94 Then we have the typical facts of the destruction of Babylon, as holding the Jews in bondage, in which Antichrist shall keep them, for it is their deliverance, rather Jerusalem's, from the Babylonians, which is then noted, and against them. "For the Lord will have mercy on Jacob," also note verse 2, the people (gomim) bring them to their place, who may be scattered, and, what has never been yet accomplished since Babylon, "they shall rule over their oppressors." Then, when Jacob has "rest," for this is the point of the second part from chapter 13:17 to chapter 14:1 (now the terrible day in which Gog is brought into destruction, evidently is past before "the rest") the arrogancy of the proud, the man of the earth is set aside. Hence, in celebrating the fall of the king of Babylon, it includes the whole scene of power of man assumed over the world. It is all one great crisis. Lucifer in this is Antichrist, and it will be found, in every particular, to be the counterpart of Christ, in his assumptions in all the characters of His glory. This was that which was the power of Babylon over the Jews. At the same time there is that which never got hold of Jerusalem, though it thought it got hold of it as a nest The Lord broke the Assyrian on his god - the Lord's mountains, and the yoke is taken off. The Assyrian is the successor of Antichrist, in being alone in power, but does not take Jerusalem, though he oppressed the Land, which is therefore here spoken of. The fall of Antichrist sets Jerusalem free, and in fact the earth. The Assyrian, Gog, who has been brought up "with a hook in his nose," perishes, and the Land is cleared. Thus the whole scene is brought before us, giving, as the subject of the prophet's prophecy is Judah and Jerusalem, Babylon and its proper head, Antichrist, but, lest there should be mistake as to the whole scene, the Assyrian is introduced as destroyed under the circumstances which ensued thereon The order has been spoken of and gone into in another place.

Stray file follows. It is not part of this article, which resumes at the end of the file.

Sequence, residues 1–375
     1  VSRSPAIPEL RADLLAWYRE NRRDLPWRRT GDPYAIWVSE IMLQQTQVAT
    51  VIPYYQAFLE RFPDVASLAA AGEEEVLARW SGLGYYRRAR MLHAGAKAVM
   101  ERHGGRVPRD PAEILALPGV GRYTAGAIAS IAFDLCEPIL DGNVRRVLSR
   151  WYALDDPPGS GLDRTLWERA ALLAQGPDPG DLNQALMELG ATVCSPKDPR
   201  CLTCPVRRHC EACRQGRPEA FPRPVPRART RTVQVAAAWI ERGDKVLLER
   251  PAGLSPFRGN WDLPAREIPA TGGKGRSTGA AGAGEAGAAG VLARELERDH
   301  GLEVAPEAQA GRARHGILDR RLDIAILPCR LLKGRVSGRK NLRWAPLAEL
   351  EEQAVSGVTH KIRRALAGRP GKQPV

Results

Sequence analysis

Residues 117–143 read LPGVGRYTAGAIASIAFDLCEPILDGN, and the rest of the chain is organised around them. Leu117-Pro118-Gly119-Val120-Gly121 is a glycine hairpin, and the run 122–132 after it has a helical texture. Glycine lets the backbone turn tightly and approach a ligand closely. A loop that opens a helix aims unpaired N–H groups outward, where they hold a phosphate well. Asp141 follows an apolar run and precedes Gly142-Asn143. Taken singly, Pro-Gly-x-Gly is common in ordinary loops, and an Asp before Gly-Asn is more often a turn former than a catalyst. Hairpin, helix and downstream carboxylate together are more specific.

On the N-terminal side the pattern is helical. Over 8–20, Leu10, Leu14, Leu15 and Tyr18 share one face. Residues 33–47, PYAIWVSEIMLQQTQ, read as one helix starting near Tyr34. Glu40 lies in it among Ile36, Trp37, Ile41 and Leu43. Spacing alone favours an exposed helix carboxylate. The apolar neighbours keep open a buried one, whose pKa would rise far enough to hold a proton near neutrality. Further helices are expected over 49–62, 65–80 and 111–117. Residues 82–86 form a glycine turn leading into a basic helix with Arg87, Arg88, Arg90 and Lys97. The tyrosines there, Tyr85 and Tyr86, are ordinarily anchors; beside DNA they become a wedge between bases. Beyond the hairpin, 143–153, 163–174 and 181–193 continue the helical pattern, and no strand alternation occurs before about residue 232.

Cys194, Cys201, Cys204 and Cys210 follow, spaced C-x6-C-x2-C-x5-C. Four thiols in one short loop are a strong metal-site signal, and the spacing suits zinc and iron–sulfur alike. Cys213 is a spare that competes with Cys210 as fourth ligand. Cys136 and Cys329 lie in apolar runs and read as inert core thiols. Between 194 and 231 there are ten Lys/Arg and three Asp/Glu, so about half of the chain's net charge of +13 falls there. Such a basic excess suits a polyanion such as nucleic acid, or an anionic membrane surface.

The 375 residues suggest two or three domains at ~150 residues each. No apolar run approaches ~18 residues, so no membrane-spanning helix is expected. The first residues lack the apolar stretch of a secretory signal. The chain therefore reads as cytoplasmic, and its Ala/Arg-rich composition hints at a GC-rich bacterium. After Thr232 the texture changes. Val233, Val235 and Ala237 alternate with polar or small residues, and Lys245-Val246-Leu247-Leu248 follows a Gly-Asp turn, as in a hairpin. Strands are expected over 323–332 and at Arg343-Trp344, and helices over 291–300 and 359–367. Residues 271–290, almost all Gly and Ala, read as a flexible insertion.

- 8 - 59 - 62. Note, as to Babylon, this makes it plain, whatever judgment may be as to ulterior facts, that the then testimony as to the then Babylon was a testimony as for ever. Zedekiah and Seraiah, and the testimony to be then read in Babylon, clearly apply to the then existing Babylon, and Babylon was to be desolations for ever. I reject no ulterior instruction here. So chapter 25:12, where, after giving the nations round about up to Nebuchadnezzar for perpetual desolations, at the end of seventy years He gives up the king, nation and land of the Chaldeans, and makes it a perpetual desolation. The destroying mountain is to be desolate for ever, see chapter 51:26. These are all that are said. Thus of three, two are certainly ancient Babylon.

95 Then as to "from generation to generation" (Isaiah 13:20) "Babylon, the glory of kingdoms, the beauty of the Chaldees' excellency . . . shall not be dwelt in from generation to generation"; see chapter 34:10, 17, as to Idumaea, and chapter 51:8, as to salvation, and Jeremiah 50:39, as to Babylon. I cannot doubt that Jeremiah 50 and 51 apply to ancient Babylon. Moreover, in the testimony given to Seraiah, it is said, "Thus shall Babylon sink, and shall not rise from the evil that I will bring upon her."